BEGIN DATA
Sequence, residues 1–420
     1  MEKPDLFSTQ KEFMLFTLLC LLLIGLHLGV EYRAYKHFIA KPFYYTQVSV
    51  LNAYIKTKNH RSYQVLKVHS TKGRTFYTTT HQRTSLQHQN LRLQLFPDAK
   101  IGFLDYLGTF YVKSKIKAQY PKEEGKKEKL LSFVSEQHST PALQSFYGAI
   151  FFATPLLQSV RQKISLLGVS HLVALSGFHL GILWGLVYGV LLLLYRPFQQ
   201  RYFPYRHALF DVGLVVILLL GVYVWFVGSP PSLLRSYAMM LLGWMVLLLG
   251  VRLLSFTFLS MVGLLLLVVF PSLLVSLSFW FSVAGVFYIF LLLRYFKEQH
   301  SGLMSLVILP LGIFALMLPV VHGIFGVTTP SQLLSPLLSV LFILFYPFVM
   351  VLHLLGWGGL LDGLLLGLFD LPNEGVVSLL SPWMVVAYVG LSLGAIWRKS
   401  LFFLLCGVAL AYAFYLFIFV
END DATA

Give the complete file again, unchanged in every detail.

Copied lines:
Sequence, residues 1–420
     1  MEKPDLFSTQ KEFMLFTLLC LLLIGLHLGV EYRAYKHFIA KPFYYTQVSV
    51  LNAYIKTKNH RSYQVLKVHS TKGRTFYTTT HQRTSLQHQN LRLQLFPDAK
   101  IGFLDYLGTF YVKSKIKAQY PKEEGKKEKL LSFVSEQHST PALQSFYGAI
   151  FFATPLLQSV RQKISLLGVS HLVALSGFHL GILWGLVYGV LLLLYRPFQQ
   201  RYFPYRHALF DVGLVVILLL GVYVWFVGSP PSLLRSYAMM LLGWMVLLLG
   251  VRLLSFTFLS MVGLLLLVVF PSLLVSLSFW FSVAGVFYIF LLLRYFKEQH
   301  SGLMSLVILP LGIFALMLPV VHGIFGVTTP SQLLSPLLSV LFILFYPFVM
   351  VLHLLGWGGL LDGLLLGLFD LPNEGVVSLL SPWMVVAYVG LSLGAIWRKS
   401  LFFLLCGVAL AYAFYLFIFV